Walking ahead of two young people when one asked the other, "What are you doing this summer?"
I just got back from an incredible weekend in Meridian. Go Green Meridian, a chapter of Gaining Ground.
On the heels of a quiet, cold winter, the Prairie house became a whirl of activity. It's good to enjoy those quiet winter days; they don't last long. Our visiting turkey hunters set out early and came in late, thus we rarely saw our guests. I caught up with my brother, Skip Shelton, coming in at the late hour of 9 p.m. His eyes looked bleary. "You can't run on a few hours of sleep," I said.
From its founding, the United States has provided for mail delivery across the country.
On a recent Saturday about 40 beekeepers stood in the twilight on a cement pad outside a metal farm building in south Noxubee County.
As of the last formal census of 2010, Starkville has a population of 23,888. The most recent figure from 2012 is an official estimate of 24,360. So, in the past two years we have grown by roughly 472 people. If we project that rate of growth over the next eight years by 2020 we should have about 26,248 as our population base.
Mississippi, my adopted home state, place that I love, is reverting to its old ways, which many of us who live here had believed and hoped to be in the distant past.
Section 1 of the Mississippi Religious Freedom Restoration Act, signed into law last week, is to calm the masses -- those who believe the gay agenda in America needs to be sent a message.
Saturday a ghastly thing happened at the Prairie house. While Sam was gone fishing I discovered a mouse clinging to the Big Tom sticky trap. I have vowed time and time again not to use those cruel traps, however successful they are.
The past two weeks I have been helping with the Columbus Pilgrimage. I had not intended on doing so, but Nancy Carpenter of the Columbus Convention and Visitors Bureau called and said they were short-handed and could I help with tour groups. Before I realized it, I was telling stories about Columbus to multiple tour groups on the double-decker bus.
Sounds like a cool little novel title like Harry Potter and the Sorcerer's Stone or maybe Nancy Drew and the Crooked Banister. Though Bricklee Miller may not have the financial impact that J.K. Rowling's Harry Potter does, or the international name recognition of Nancy Drew, she definitely has the magic touch for the Golden Triangle.
What is it about Columbus kids and bomb threats? This morning, for the ninth time since the school year started, school was disrupted while school and law enforcement investigated yet another bomb threat, this one at Stokes-Beard Elementary School.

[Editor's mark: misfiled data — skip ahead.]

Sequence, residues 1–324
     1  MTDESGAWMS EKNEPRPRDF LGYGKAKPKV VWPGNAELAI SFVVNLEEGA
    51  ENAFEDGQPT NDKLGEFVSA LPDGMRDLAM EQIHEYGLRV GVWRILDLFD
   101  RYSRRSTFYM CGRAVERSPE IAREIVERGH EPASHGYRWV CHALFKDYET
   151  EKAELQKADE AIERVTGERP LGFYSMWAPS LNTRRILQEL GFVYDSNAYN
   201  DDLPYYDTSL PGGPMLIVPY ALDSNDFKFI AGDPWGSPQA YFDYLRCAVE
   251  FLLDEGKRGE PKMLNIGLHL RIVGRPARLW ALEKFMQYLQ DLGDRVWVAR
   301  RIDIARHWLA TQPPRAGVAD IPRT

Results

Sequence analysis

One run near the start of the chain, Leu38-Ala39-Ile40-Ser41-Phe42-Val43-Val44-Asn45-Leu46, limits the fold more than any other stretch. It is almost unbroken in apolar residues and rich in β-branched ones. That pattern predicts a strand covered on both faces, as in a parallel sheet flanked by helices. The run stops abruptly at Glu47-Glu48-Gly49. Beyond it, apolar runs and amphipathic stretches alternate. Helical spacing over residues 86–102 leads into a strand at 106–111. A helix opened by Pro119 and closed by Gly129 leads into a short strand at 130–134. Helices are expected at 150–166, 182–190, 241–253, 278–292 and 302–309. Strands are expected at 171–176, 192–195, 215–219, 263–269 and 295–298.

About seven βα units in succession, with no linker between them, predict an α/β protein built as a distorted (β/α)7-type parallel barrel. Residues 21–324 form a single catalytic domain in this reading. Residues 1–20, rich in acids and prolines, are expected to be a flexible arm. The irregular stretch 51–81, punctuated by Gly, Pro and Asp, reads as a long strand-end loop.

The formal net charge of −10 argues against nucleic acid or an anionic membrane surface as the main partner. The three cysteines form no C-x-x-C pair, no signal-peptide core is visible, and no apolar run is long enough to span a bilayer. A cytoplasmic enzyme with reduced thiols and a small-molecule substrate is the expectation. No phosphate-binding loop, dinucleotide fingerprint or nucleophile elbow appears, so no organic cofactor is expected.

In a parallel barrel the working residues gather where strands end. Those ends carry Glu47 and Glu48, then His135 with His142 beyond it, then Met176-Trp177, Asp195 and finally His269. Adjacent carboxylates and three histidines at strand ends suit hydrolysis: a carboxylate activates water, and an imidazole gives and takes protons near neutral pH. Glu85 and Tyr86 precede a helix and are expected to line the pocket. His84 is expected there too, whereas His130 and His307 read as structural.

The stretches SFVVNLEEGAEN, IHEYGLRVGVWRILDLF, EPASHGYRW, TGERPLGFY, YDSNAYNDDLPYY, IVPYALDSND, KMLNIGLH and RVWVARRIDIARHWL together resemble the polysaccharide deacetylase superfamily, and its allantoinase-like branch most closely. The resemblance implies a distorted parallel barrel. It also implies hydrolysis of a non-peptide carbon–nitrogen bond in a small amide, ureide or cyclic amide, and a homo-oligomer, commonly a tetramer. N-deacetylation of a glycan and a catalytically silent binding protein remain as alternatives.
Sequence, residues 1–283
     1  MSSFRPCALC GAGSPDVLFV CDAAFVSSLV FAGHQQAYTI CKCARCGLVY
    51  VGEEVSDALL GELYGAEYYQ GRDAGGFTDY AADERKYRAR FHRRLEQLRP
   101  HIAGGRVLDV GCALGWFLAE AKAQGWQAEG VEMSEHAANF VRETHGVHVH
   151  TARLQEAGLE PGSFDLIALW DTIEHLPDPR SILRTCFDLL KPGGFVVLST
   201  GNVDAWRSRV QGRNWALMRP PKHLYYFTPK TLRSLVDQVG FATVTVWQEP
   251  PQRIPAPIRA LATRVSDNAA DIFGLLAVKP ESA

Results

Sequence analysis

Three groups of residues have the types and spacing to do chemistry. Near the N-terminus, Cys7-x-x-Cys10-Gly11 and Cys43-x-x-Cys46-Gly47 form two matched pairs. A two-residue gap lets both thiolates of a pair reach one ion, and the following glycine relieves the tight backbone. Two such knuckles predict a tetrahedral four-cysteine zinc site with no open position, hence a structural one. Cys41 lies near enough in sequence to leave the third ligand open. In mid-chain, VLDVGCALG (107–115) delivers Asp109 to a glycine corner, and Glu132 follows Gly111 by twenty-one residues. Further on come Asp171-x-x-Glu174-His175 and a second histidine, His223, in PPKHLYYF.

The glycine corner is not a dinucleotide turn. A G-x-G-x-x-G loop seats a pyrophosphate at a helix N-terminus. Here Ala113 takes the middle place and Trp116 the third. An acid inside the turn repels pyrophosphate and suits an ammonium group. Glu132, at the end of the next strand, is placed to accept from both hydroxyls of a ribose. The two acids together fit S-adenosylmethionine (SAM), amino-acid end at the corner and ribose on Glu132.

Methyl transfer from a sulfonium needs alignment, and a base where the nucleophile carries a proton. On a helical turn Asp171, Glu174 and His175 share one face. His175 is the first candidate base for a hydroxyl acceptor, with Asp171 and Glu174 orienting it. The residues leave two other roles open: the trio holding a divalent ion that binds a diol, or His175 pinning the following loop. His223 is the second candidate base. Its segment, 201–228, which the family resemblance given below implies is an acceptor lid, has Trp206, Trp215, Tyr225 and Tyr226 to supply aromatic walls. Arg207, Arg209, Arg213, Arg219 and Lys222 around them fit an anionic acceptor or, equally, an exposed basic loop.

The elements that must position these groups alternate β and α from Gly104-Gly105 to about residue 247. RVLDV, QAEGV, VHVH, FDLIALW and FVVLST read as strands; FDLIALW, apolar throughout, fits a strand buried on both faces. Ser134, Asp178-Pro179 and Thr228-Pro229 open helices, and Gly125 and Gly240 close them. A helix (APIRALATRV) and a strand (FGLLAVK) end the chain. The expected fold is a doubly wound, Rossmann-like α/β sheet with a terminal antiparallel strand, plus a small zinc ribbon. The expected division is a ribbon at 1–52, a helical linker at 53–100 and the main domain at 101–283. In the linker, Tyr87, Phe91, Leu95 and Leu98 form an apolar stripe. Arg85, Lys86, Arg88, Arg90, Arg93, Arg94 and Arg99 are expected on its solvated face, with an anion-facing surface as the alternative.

In 2013, the Legislature passed a measure creating a "cultural retail attraction" incentive to reimburse developers of outlet malls for up to 30 percent of construction costs.
Alone at the bar, I stared at three bites of hamburger and six or so french fries. Could I finish?
Child playing baseball breaks his leg. Mom needs a pacemaker. Dad has had a stroke and is on his way to the emergency room. Even the most conservative of conservatives won't say these people must have money or insurance -- or be turned away at the hospital door.
The Wall Street Journal headlined "A Delicious Prescription: Chefs and doctors are teaming up to create health food you might actually crave." Inheriting the "clipper" gene from our mother, my brother and I trade clipped newspaper articles, his from national newspapers on food, birds, nature and mine from the local sports pages on the Mississippi State Bulldogs.
This is a ballgame weekend. Professional baseball has just cranked up, basketball's Final Four started Saturday and college baseball is in full swing. But long forgotten is the story of how what may have been America's first professional ball team assemble at Columbus in 1829.
Monday morning, the news came of the sudden, stunning death of Mike Ritter. He had entered the hospital for surgery to repair a heart problem and died before the procedure could be performed. Mike, a brilliant editorial cartoonist, was 48 years old. These kinds of deaths, including the sudden passing of Columbus Police Department investigator Don English at age 58, are a not-so-subtle reminder of my own mortality. I am 54.
I confess that I do not understand littering. It is inconceivable to me that anyone thinks that it is quite acceptable to leave their garbage behind in locations that are clearly not garbage sites, such as parking lots, streets, sidewalks, and any other areas not intended to be a resting place for garbage.
Speaking before the Rotary Club of Jackson recently, Gov. Bryant addressed the issue of special tax incentives to lure big manufacturers to Mississippi.
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